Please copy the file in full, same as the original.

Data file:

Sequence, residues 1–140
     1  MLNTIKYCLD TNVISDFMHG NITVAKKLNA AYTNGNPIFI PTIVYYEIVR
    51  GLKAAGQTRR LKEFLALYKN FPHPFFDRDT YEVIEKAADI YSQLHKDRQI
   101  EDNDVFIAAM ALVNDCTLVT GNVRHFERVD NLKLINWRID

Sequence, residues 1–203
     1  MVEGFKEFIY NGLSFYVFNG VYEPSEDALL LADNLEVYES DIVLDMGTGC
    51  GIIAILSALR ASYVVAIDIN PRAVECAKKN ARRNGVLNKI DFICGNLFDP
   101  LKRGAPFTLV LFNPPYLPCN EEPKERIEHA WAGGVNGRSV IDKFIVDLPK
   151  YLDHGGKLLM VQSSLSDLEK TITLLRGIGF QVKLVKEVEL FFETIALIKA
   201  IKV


Sequence, residues 1–140
     1  MLNTIKYCLD TNVISDFMHG NITVAKKLNA AYTNGNPIFI PTIVYYEIVR
    51  GLKAAGQTRR LKEFLALYKN FPHPFFDRDT YEVIEKAADI YSQLHKDRQI
   101  EDNDVFIAAM ALVNDCTLVT GNVRHFERVD NLKLINWRID

Sequence, residues 1–203
     1  MVEGFKEFIY NGLSFYVFNG VYEPSEDALL LADNLEVYES DIVLDMGTGC
    51  GIIAILSALR ASYVVAIDIN PRAVECAKKN ARRNGVLNKI DFICGNLFDP
   101  LKRGAPFTLV LFNPPYLPCN EEPKERIEHA WAGGVNGRSV IDKFIVDLPK
   151  YLDHGGKLLM VQSSLSDLEK TITLLRGIGF QVKLVKEVEL FFETIALIKA
   201  IKV